Mental Health Awareness

May 1, 2023

The coronavirus pandemic led to increased diagnoses of depression, anxiety and suicidal thoughts. However, with so many people being open about their struggles during the lockdowns, one positive outcome has been an increased focus on mental health, which has also helped to de-stigmatize the issue.

According to data from the National Alliance on Mental Illness, 21% of adults are experiencing at least one mental illness. That's roughly 50 million people. 55% of adults with a mental illness have not received any treatment, and a little more than 5% (5.44%) of adults experience severe mental illness. This reflects the impact of the pandemic that started in 2020. Also, as of 2020, suicide is the second leading cause of death for U.S. children ages 10 to 14.

What can people do to support their mental health and of their loved ones? Here are a few tips for helping us take care of our mental wellbeing just like we do when it comes to our physical wellbeing.

Tips for Self-care

  • Get regular exercise. Just 30 minutes of walking every day can help boost your mood and improve your health. Small amounts of exercise add up, so don’t be discouraged if you can’t do 30 minutes at one time.
  • Eat healthy, regular meals and stay hydrated. A balanced diet and plenty of water can improve your energy and focus throughout the day. Also, limit caffeinated beverages such as soft drinks or coffee.
  • Make sleep a priority. Stick to a schedule, and make sure you’re getting enough sleep. Blue light from devices and screens can make it harder to fall asleep, so reduce blue light exposure from your phone or computer before bedtime.
  • Try a relaxing activity. Explore relaxation or wellness programs or apps, which may incorporate meditation, muscle relaxation, or breathing exercises. Schedule regular times for these and other healthy activities you enjoy such as journaling.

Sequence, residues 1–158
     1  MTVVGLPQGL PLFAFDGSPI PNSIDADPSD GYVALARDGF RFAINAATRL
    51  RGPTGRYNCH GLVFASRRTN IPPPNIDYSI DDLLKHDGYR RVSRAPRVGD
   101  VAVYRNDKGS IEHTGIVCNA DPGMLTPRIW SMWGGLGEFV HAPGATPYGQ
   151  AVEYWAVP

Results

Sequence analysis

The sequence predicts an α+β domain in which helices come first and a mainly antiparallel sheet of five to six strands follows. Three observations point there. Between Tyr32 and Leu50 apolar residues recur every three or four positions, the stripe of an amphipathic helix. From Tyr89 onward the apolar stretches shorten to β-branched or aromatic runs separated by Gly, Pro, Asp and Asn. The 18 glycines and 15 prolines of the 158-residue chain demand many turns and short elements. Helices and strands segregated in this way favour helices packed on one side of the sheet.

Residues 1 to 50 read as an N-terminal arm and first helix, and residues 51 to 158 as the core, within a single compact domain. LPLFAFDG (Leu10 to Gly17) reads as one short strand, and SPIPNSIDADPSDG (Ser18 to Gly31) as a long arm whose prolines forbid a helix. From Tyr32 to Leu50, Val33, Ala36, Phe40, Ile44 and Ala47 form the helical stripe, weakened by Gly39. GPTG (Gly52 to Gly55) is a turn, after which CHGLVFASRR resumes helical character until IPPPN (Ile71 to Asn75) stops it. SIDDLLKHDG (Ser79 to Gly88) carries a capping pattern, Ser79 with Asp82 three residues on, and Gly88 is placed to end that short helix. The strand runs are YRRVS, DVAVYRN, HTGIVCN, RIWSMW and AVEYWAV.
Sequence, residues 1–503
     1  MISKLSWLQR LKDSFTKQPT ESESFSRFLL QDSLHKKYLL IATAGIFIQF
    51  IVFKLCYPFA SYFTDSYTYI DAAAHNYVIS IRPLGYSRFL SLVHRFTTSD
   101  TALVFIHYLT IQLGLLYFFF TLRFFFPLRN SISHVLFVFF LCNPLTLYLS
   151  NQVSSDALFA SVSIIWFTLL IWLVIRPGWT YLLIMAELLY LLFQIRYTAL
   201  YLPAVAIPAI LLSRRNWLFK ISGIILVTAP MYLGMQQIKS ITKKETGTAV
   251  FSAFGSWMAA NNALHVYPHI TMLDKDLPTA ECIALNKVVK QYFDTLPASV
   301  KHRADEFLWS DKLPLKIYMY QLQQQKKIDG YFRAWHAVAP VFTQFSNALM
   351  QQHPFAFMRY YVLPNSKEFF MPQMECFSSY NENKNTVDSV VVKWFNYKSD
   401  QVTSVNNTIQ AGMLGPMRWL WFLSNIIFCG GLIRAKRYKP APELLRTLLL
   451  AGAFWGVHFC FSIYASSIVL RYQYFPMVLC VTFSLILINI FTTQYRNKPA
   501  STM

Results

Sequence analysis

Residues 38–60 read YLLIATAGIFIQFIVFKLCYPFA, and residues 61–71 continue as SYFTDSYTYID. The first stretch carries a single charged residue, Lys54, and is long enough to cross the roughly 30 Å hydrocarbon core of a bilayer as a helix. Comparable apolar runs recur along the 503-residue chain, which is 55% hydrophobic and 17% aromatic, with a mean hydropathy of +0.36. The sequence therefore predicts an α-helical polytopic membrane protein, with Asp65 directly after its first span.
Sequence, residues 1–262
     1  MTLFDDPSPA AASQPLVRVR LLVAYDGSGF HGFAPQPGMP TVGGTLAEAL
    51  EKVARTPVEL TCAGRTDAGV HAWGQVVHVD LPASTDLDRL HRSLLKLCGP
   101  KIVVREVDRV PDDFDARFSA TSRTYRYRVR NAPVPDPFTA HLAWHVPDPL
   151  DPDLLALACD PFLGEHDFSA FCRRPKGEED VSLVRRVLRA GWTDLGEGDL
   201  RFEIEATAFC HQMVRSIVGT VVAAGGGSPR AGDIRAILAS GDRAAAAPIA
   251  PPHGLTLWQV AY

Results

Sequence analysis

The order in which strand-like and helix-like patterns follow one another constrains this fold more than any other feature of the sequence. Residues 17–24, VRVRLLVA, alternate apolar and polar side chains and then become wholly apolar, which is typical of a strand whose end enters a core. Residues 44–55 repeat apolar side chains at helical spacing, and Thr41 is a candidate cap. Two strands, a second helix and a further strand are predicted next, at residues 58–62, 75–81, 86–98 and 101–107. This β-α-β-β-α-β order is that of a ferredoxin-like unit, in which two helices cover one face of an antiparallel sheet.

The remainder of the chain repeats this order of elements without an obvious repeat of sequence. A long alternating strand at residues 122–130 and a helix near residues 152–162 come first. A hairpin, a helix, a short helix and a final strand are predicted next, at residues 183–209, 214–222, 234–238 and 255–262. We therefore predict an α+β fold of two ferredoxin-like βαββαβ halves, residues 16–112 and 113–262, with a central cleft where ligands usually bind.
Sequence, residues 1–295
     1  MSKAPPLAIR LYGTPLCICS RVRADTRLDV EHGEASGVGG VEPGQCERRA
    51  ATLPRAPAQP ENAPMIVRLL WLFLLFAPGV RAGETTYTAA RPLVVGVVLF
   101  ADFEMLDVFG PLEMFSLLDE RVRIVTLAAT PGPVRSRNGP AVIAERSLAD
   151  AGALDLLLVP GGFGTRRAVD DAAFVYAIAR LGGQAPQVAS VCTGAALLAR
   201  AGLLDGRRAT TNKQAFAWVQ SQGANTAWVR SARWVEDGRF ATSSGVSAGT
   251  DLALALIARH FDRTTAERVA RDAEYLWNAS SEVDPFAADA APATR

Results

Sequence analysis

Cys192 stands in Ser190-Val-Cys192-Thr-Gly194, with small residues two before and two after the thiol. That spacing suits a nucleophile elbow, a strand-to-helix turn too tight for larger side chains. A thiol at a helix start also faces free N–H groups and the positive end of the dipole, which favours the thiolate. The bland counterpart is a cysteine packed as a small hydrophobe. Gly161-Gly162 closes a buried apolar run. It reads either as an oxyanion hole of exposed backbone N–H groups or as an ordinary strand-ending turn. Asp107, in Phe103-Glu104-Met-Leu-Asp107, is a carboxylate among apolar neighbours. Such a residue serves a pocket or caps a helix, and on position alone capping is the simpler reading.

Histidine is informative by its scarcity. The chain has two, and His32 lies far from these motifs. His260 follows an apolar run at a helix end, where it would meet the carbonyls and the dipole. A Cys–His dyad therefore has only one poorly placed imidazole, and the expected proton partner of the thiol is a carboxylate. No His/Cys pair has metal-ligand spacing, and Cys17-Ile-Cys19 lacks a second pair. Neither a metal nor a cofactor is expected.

• Set goals and priorities. Decide what must get done now and what can wait. Learn to say “no” to new tasks if you start to feel like you’re taking on too much. Try to be mindful of what you have accomplished at the end of the day, not what you have been unable to do.
  • Practice gratitude. Remind yourself daily of things you are grateful for. Be specific. Write them down at night, or replay them in your mind.
  • Focus on positivity. Identify and challenge your negative and unhelpful thoughts.
  • Stay connected. Reach out to your friends or family members who can provide emotional support and practical help.

Tips for Helping Others

If you see something. say something. While discussing mental health and treatment has become less stigmatized, some may still be hesitant to pry. However, it’s important that we watch out for each other, because the pandemic added to the stress we already had — and that didn’t just disappear. It’s important to know that it’s okay to not be okay.

Psychology Today offers the following seven questions that can help you start a conversation:

  1. How have you been? ...
  2. How's your stress level lately? ...
  3. Have you been eating and sleeping? ...
  4. 4. Is there anything you want to talk about? ...
  5. Would you be willing to talk to someone? ...
  6. What can I do for you? ...
  7. When is the best time to check in with you again?

Telehealth for Mental Health

For QualChoice members, Mental Health and Substance Abuse services are also available by phone or video. QualChoice Telehealth gives you access to in-network healthcare providers 24 hours a day. Use it right when you need it — or schedule an appointment ahead of time.

  • Any care that can be delivered this way is covered.
  • Any type of connection technology may be used*.

Learn more about QualChoice Telehealth.

*Providers should follow state and federal guidelines regarding performance of telehealth services including permitted modalities.